ORDER VACATING CLERK'S DEFAULT, DENYING RENEWED MOTION TO DISMISS, AND DIRECTING DEFENDANT TO FILE ANSWER THIS CAUSE is before the Court on Defendant Glenn Mark Gallant's Renewed Motion to Dismiss and Motion to Vacate Default [DE 31]. The Court has considered the motion and the record in this case, and is otherwise advised in the premises.
On June 1, 2011, Plaintiff Reiter Petroleum, Inc. filed its Complaint [DE 1] for one single count of breach of guaranty against Defendant. On or about July 8, 2011, Defendant filed a Motion to Dismiss [DE 15] for failure to state a claim upon which relief can be granted. Thereafter, on September 13, 2011, the Court denied the motion to dismiss and directed Defendant to file an Answer to Plaintiff's Complaint by no later than September 26, 2011 [DE 26]. On October 12, 2011, when Defendant had not filed an Answer, Plaintiff moved for a Clerk's entry of default against Defendant [DE 29]. On October 17, 2011, the Clerk entered the default [DE 30].
In the instant motion, Defendant asks the Court to renew his motion to dismiss and set aside the Clerk's default. The request to renew the motion to dismiss will be denied. The Court already found that Plaintiff's Complaint states a claim upon which relief can be granted. See DE 26. To the extent that Defendant asks the Court to reconsider its Order denying Defendant's initial motion to dismiss, the Court finds no basis to reconsider its previous ruling. See Fed. R. Civ. P. 60(b) (listing reasons justifying reconsideration). To the extent that Defendant attempts to file a second motion to dismiss, such a motion is barred under Federal Rule of Civil Procedure 12(g). See Fed. R. Civ. P. 12(g) ("a party that makes a motion under this rule must not make another motion under this rule raising a defense or objection that was available to the party but omitted from its earlier motion.").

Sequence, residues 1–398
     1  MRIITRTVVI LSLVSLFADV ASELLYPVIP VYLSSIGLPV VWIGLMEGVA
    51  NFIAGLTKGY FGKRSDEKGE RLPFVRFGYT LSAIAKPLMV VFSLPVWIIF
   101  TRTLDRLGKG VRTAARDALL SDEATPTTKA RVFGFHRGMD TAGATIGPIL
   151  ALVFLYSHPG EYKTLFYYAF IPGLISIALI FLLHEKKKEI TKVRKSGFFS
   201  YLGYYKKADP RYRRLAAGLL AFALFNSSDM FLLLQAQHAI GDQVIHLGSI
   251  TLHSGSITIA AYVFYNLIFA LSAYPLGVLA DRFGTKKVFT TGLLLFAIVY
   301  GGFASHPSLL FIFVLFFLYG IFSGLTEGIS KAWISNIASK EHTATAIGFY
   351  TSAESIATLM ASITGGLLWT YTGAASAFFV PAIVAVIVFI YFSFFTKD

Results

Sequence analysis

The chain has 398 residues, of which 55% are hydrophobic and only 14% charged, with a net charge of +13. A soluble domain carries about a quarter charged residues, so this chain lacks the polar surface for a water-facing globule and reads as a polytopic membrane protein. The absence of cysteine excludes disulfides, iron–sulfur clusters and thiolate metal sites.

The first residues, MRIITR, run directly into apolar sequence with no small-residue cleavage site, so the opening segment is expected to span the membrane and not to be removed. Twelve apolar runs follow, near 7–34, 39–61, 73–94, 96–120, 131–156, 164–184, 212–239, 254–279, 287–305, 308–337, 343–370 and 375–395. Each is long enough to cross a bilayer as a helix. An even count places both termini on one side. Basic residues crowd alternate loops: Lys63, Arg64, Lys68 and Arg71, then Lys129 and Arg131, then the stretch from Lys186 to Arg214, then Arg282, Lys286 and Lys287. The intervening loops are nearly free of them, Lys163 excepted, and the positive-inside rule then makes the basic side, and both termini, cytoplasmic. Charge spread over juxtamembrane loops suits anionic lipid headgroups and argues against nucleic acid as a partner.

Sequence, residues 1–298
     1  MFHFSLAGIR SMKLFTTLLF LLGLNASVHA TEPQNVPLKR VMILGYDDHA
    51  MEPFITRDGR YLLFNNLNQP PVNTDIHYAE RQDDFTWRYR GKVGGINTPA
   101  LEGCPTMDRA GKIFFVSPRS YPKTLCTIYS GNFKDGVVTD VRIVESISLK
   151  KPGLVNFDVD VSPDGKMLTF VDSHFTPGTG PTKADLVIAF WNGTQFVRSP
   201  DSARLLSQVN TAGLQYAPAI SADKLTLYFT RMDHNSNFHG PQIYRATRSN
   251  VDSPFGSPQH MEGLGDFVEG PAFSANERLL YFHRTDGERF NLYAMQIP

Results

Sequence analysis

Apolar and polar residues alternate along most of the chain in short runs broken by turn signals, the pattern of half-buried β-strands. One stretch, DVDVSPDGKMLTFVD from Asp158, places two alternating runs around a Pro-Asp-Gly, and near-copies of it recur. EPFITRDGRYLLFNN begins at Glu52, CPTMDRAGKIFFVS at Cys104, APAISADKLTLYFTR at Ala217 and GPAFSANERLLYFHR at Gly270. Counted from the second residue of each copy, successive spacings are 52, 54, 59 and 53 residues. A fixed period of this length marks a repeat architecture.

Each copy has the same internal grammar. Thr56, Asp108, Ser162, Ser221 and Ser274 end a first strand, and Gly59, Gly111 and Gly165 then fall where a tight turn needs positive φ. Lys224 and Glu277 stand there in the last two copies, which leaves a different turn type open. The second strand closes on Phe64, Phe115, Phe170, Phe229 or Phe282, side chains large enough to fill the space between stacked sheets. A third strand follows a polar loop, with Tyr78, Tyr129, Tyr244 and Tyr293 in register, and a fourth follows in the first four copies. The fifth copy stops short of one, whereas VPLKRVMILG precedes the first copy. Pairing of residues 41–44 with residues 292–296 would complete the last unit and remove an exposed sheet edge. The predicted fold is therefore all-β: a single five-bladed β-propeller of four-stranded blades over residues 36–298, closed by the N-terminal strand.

However, the request to vacate the Clerk's default will be granted. The Eleventh Circuit has described the relevant law regarding motions to set aside defaults as follows:
Rule 55(c), Federal Rules of Civil Procedure, provides in relevant part that "[f]or good cause shown the court may set aside an entry of default." "'Good cause' is a mutable standard, varying from situation to situation. It is also a liberal one-but not so elastic as to be devoid of substance." Coon v. Grenier, 867 F.2d 73, 76 (1st Cir. 1989). We recognize that "good cause" is not susceptible to a precise formula, but some general guidelines are commonly applied. Id. Courts have considered whether the default was culpable or willful, whether setting it aside would prejudice the adversary, and whether the defaulting party presents a meritorious defense. Rafidain Bank, 15 F.3d at 243; see also Robinson v. United States, 734 F.2d 735, 739 (11th Cir. 1984). We note, however, that these factors are not "talismanic," and that courts have examined other factors including whether the public interest was implicated, whether there was significant financial loss to the defaulting party, and whether the defaulting party acted promptly to correct the default. E.g., Dierschke v. O'Cheskey, 975 F.2d 181, 184 (5th Cir. 1992). "Whatever factors are employed, the imperative is that they be regarded simply as a means of identifying circumstances which warrant the finding of 'good cause' to set aside a default." Id. However, if a party willfully defaults by displaying either an intentional or reckless disregard for the judicial proceedings, the court need make no other findings in denying relief. Shepard Claims Service, Inc. v. William Darrah & Associates, 796 F.2d 190, 194-95 (6th Cir. 1986).